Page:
OneMedForumSF 2012 (onemedplace.com/forum), the Emerging Company Finance Conference took place in January. It began with the workshop on “Entering China” and ended with a panel discussing “India as a Market Opportunity”. Taking place concurrently while J.P. Morgan annual conference was taking place at the close by venue, the differences in some cases, could not be more stark. And the similarities in terms of focusing on emerging markets, were also evident. At J.P. Morgan conference, it was clear that the big pharma companies are flush with cash, dust is settled for most of them around coming to terms with patent expiration challenges and strategic realignment issues, and debt is cheap. All of this is leading to big biotech becoming active acquirers, with 2011 fundraising at $23.4 B, almost on par with the funds raised in the glory days of 2007. However, most funding was raised by public companies and the players were big syndicates. At OneMedForum, I saw a sharp contrast. I saw some cool technologies but less optimism and good news on the funding front, as the discussions in the hallway centered around “but where is the money” especially for early stage companies. Also all large pharma companies are focusing on almost guaranteed market growth among emerging markets and therefore are more attractive to individual investors as well. So what is the future for device innovation and early stage companies? The answers will have to be as creative with respect to funding, as their innovative offerings are.
The workshop on entering China, on day one, began by defining the opportunity for non-Chinese companies to commercialize medical products and services in china. The lessons shared included, a start with a well defined plan. Companies seeking to enter China must define their business model early on to avoid issues concerning repatriation of money earned in China, aggressive safeguarding of IP, and other issues like strategic clarity around the long-term objective whether the interest is for R&D or manufacturing or reverse innovation. A well defined plan should be followed with good understanding of culture and identifying right resources and forming strategic partnerships and relationships to make it happen. China is a diverse country and for doing business, it would be best to form relationship with key local person, on the ground. Additionally, understanding the culture, including little things like sharing a drink with a business partner, lowering the glass when toasting, not giving the clock as a gift, could make difference. And then there are other issues like being comfortable with lack of control, slowness and complexity of decision making, and sometimes slow execution of a decision that was achieved speedily, that can be challenging.
A panel on the last day discussed market opportunities in India. Yash Rana, Attorney at Goodwin, shared that allIndiasectors are open to foreign investment without much regulatory hurdles. Once the contract is signed, companies in India honor them, unlike in China, where it is often a starting point for further negotiation. Also IP is much more secure and the patent law is almost up to Western standards. Tom Moore, CEO of Advaxis shared that their company chose India for cervical cancer study trials, since there are many cases of cervical cancer, the cost is low, and they found medical community to be cooperative, helpful, and knowledgeable, and it was an overall positive experience. The challenges they faced were around good prior medical history and records because in some cases they were non-existent. Rana shared that a universal ID system is now being rolled out in India and it will make keeping track of patients enrolled in clinical trials, easier. While India has strong expertise in Chemistry and Pharmacology, historically it has not had strong expertise in Biology but collaboration and cross-fertilization makes it a win-win strategy, said Sri Mosur, CEO of Jubiliant. Biocon is the first pharma company out of India, said, Abhijit Zutshi, head of North American Operations for Biocon, India. While innovation was not big in India, that is quickly changing, added Zutshi.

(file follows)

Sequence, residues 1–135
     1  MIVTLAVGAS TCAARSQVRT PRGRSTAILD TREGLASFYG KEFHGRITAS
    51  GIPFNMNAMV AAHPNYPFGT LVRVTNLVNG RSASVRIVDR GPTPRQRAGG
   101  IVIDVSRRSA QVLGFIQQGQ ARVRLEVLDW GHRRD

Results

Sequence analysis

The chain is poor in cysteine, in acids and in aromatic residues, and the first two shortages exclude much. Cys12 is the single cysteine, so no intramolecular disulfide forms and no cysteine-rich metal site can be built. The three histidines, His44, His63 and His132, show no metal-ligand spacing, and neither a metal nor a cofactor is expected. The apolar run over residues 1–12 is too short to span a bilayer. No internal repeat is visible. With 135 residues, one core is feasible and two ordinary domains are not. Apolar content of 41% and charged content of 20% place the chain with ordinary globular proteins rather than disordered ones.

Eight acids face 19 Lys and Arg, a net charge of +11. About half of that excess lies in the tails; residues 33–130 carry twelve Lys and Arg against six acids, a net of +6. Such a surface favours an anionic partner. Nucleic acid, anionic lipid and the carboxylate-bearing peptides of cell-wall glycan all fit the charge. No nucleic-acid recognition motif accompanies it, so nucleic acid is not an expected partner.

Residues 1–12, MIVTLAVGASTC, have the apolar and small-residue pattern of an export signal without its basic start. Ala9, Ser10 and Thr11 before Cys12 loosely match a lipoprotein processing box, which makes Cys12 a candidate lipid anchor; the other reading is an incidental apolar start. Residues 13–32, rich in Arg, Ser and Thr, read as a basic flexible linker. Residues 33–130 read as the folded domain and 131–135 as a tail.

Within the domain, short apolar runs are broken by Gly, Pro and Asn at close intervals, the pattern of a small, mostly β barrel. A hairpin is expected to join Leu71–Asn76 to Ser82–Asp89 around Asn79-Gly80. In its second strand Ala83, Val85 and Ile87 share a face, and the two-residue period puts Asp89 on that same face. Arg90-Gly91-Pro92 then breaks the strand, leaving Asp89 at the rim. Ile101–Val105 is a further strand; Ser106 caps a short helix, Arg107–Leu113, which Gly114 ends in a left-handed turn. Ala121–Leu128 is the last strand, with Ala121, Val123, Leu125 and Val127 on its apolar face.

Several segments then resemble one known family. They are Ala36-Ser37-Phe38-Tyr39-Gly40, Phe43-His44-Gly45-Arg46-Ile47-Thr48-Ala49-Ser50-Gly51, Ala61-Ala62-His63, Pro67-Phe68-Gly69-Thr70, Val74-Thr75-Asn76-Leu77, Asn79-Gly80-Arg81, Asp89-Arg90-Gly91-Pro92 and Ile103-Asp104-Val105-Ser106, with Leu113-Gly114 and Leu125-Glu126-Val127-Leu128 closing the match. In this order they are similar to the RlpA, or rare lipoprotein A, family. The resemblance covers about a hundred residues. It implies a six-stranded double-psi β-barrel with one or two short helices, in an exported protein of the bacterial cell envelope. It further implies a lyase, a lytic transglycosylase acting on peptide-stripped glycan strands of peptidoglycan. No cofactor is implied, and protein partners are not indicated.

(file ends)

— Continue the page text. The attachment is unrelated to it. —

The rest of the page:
Some of the other panels I only attended sporadically, while also spending my time at J.P. Morgan Conference. Other interesting panels focused on Mobile Health & Medical Devices and on Diagnostics & Personalized Medicine, both of which should be cranked up in high gear with innovation focus tied to affordability and reduction in healthcare costs. Other panels also explored investment trends in Biotechnology, and investment trends in Medical Devices and presumably explored trends in regenerative medicine, neurological disorders, vaccines, & infectious diseases on the biotech side and cardiology, neurology, orthopedics, and diabetes on the device side.
While the outlook remains somewhat bleak, with respect to funding, the company presentations were high quality, panels and workshops were insightful, and the conference presented ample opportunity for CEOs, corporate development executives, and some sprinkling of investors to build relationships and hopefully find creative solutions for funding dilemma.